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Political Matters
Native Issues in the Halls of Government
Friday, July 08 2011
 
Written by Mordecai Specktor,
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Dakota memories of 1862
Some hard feelings don't soften that much with time - even after 150 years. The dispossession of the Dakota people from their homeland, in what became the State of Minnesota, is one example of unresolved historical pain.
Cora Jones, the tribal secretary of the Santee Sioux Nation, recently met me for a chat at the Wolves Den, the caf? in the Minneapolis American Indian Center. She is retired from a career that included work as a medical lab technician and with the Bureau of Indian Affairs.
Now she is active with a small committee of Santees that is trying to provide input into the upcoming events that will commemorate the 150th anniversary of the 1862 U.S.-Dakota War that raged in southwestern Minnesota. This tragic chapter in the history of the nascent North Star State involved much bloodshed between European settlers and the native Dakota people. The warfare culminated in the cruel internment of Dakota men, women and children below Ft. Snelling, and the hanging of 38 Dakotas in Mankato on Dec. 26, 1862 - the largest mass execution in U.S. history.
Treaty fishing in Minneapolis
Friday, June 10 2011
 
Written by The Circle Staff,
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protests fish lake cedar.jpgCedar Lake, long famous for its skinny-dipping beach, was the site of an unusual treaty rights demonstration on May 13. Local Dakota activists put a net into the south Minneapolis lake and caught several dozen fish, which were confiscated, along with the gill net, by Department of Natural Resources officers.
The Dakota are asserting their rights under the 1805 Treaty between the United States of America and the "Sioux Nation of Indians." As I recall, there is a bronze marker on a large rock by Lake of the Isles that shows a map of the treaty area, which extends from Ft. Snelling across the scenic lakes in south Minneapolis. The treaty describes the Sioux land cession, about 100,000 acres, as "from below the confluence of the Mississippi and St. Peters [Minnesota], up the Mississippi, to include the falls of St. Anthony [in downtown Minneapolis], extending nine miles on each side of the river."
Many Americans misunderstand the nature of treaty rights, and think that hunting and fishing rights are something given by the U.S. to the Indians. Rather, in 19th century land cession treaties, the Indian nations (which often had military supremacy over U.S. forces) gave up land and retained their rights to hunt, fish and gather in their traditional way.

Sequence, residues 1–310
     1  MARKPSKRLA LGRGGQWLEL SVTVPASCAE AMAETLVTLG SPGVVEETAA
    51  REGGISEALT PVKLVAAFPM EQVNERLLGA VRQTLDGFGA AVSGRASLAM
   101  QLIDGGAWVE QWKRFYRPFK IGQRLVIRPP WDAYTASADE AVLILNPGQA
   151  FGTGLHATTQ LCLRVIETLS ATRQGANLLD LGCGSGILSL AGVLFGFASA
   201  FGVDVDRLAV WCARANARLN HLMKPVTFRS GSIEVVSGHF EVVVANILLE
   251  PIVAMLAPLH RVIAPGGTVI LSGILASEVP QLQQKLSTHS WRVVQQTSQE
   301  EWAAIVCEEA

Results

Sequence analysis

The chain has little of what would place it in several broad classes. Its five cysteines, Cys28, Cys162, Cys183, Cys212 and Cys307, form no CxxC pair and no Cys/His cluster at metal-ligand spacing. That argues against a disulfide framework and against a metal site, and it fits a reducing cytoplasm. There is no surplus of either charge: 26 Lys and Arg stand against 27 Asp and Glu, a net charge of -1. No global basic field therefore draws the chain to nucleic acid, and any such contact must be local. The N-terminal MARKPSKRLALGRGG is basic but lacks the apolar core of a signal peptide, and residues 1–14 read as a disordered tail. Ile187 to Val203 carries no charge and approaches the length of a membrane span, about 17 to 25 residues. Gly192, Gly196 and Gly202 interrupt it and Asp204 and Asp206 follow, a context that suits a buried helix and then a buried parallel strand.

Native Issues in the Halls of Government
Friday, June 10 2011
 
Written by Mordecai Specktor,
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Update on wild rice and sulfates
As I wrote in this column last month, some Minnesota lawmakers are intent on throwing out a section of environmental law that protects wild rice waters, in order to ease the way for copper-nickel mining in the northeastern part of the state.
Native Issues in the Halls of Government
Tuesday, May 10 2011
 
Written by by Mordecai Specktor,
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Wild rice and sulfate levels
The 2011 Minnesota Legislature has adopted a two-pronged approach to American Indian concerns: allow increasing levels of water pollution to kill wild rice beds and expand gambling to wreck the tribal casino economy. It's really breathtaking - and it's a bipartisan effort.
The Republicans, who took over both houses of the Legislature in the 2010 elections, are leading the charge to put slot machines in every bar, restaurant and Porta-Potty across the North Star State. DFLers - notably Sen. Tom Bakk, from Cook, and Rep. Tom Rukavina, from Virginia - are pushing the effort to loosen environmental regulations on behalf of the foreign-owned copper-nickel mining firms exploring in northeastern Minnesota.
In my August 2010 column, I wrote about the companies lining up to tear up the north woods in the pursuit of sulfide mining. This type of mining would be new to Minnesota; but it has a terrible track record of polluting surface waters with toxic metals across the western U.S.
In Minnesota, concern is growing that run-off from copper-nickel mine waste will pollute waterways that support wild rice beds. Since some of the mining projects are within the 1854 Treaty Ceded Territory, Ojibwe tribal officials are closely monitoring the proposed extractive projects.
The current legislative wrangle - which is not getting as much attention as, say, efforts to build a new Vikings stadium - concerns the water protection standard for wild rice waters.
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